Gilbert Fountain, eighty-six, June 1990, Durham, N.C. retired scrapyard worker, salvager

Gilbert Fountain was born in Philadelphia, Pennsylvania in 1903 and grew up in Halifax County, Virginia, where he helped farm tobacco with his four brothers and two sisters. Before he was thirteen, both his mother and father had died, the latter of a stroke while teaching Sunday school. Soon afterward, Gilbert ran away from home with only thirteen dollars in his pocket. He travelled by train to Far Rockaway, New York (because he liked the sound of it). Two and a half years later, having worked in a coal mine in Barber’s Creek, Virginia and then on an ice wagon in Quebec, Canada, Gilbert returned home to Halifax County three days before Christmas Eve. He worked through that year’s tobacco harvest and then moved to New York City.

Gilbert lived in New York for fifty-six years. During his first decade there, he worked as a garbageman in New Rochelle and cut cordwood in the Bronx. He met and married his first wife in 1927. She died a decade later of a cerebral hemmorage.

While Gilbert and some other men were cutting wood one Saturday, they saw the airship Hindenburg pass overhead. Later that day, they learned of its fiery end.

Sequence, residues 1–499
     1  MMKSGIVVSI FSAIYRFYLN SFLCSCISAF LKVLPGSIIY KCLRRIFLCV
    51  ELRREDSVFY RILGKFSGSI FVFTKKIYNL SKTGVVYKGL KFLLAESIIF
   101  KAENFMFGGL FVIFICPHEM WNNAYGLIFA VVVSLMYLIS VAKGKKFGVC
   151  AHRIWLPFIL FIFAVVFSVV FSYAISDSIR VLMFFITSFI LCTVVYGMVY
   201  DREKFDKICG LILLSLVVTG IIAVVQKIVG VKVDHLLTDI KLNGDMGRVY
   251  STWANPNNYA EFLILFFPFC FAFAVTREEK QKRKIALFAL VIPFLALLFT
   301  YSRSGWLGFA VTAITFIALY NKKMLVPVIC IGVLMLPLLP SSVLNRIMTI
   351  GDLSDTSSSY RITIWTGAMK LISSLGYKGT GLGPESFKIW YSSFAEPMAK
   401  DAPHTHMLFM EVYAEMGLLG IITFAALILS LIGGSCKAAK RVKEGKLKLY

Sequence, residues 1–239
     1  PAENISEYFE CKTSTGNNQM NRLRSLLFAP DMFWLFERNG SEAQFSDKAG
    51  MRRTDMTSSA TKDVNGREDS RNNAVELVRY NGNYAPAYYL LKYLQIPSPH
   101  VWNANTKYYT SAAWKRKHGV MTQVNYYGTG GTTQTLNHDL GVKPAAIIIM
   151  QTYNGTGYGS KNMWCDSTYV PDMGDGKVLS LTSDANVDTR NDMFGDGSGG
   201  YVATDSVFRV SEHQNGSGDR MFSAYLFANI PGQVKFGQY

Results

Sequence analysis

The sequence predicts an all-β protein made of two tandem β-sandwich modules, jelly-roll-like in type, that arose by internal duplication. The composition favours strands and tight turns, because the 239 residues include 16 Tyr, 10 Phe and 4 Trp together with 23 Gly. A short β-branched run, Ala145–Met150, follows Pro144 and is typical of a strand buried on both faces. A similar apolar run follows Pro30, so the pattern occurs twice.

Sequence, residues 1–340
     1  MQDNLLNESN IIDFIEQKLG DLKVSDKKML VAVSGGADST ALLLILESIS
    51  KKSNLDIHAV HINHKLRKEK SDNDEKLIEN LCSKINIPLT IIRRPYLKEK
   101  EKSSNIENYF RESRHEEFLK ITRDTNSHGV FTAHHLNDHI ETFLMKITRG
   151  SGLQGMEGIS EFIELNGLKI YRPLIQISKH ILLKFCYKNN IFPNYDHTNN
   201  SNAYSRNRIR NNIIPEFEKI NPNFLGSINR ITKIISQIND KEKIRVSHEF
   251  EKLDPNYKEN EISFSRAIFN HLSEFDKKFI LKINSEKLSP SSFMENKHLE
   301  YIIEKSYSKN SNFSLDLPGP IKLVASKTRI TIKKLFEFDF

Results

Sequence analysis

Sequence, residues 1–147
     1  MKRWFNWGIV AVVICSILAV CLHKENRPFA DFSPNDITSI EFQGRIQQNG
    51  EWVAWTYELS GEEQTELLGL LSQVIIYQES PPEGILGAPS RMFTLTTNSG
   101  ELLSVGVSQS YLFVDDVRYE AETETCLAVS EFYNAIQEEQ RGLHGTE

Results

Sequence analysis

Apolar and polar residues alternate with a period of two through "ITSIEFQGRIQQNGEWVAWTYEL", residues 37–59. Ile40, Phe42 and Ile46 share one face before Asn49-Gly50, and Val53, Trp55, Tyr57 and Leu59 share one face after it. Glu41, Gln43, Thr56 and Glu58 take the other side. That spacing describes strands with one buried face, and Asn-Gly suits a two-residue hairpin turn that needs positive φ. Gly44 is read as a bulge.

In the late 1930’s, Gilbert was hired to work at a junkyard, breaking down old machines for scrap. He married his second wife, Pauline around this time. Gilbert continued to work at the junkyard in New York for thirty-five years. Gilbert and Pauline purchased their first car, a brand new Catalina, in 1959. Pauline did most of the driving because of Gilbert’s heart condition. Pauline grew up in Granville County, North Carolina. When her kidneys began to fail in the early 1970’s, it made sense that she and Gilbert would move back to North Carolina for the cheaper medical care. She drove this last time too, a trip they used to make as many as seven times a year to visit Pauline’s relatives. Pauline died in 1975.

Gilbert continued to disassemble air conditioners and motors and refrigerators for scrap, running his own business out of his backyard in the rural outskirts of Durham County.

In 1992, he still works among the piles of die-cast metal parts, copper wire and tubing, old steel fan blades, and transformers. Nothing here is quite as large as a massive fifteen hundred gallon transformer he once dissembled, but the work supplements his social security and helps keep him going.

Gilbert is photographed at work in his backyard among various pieces of scrap. (written in 1992)

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